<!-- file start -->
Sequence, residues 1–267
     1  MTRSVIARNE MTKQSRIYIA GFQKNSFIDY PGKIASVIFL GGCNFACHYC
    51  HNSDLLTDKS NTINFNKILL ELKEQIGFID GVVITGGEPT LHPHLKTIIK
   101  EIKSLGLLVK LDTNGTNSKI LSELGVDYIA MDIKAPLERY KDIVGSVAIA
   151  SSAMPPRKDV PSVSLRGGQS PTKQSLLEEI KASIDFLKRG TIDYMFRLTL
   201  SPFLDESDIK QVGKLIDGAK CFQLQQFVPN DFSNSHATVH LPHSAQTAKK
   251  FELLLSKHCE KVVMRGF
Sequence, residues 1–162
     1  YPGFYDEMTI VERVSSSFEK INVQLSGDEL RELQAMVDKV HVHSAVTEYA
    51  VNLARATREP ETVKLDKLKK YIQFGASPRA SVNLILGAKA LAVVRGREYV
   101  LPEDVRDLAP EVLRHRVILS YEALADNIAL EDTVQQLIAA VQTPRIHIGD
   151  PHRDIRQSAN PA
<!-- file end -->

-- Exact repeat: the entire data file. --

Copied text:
Sequence, residues 1–267
     1  MTRSVIARNE MTKQSRIYIA GFQKNSFIDY PGKIASVIFL GGCNFACHYC
    51  HNSDLLTDKS NTINFNKILL ELKEQIGFID GVVITGGEPT LHPHLKTIIK
   101  EIKSLGLLVK LDTNGTNSKI LSELGVDYIA MDIKAPLERY KDIVGSVAIA
   151  SSAMPPRKDV PSVSLRGGQS PTKQSLLEEI KASIDFLKRG TIDYMFRLTL
   201  SPFLDESDIK QVGKLIDGAK CFQLQQFVPN DFSNSHATVH LPHSAQTAKK
   251  FELLLSKHCE KVVMRGF
Sequence, residues 1–162
     1  YPGFYDEMTI VERVSSSFEK INVQLSGDEL RELQAMVDKV HVHSAVTEYA
    51  VNLARATREP ETVKLDKLKK YIQFGASPRA SVNLILGAKA LAVVRGREYV
   101  LPEDVRDLAP EVLRHRVILS YEALADNIAL EDTVQQLIAA VQTPRIHIGD
   151  PHRDIRQSAN PA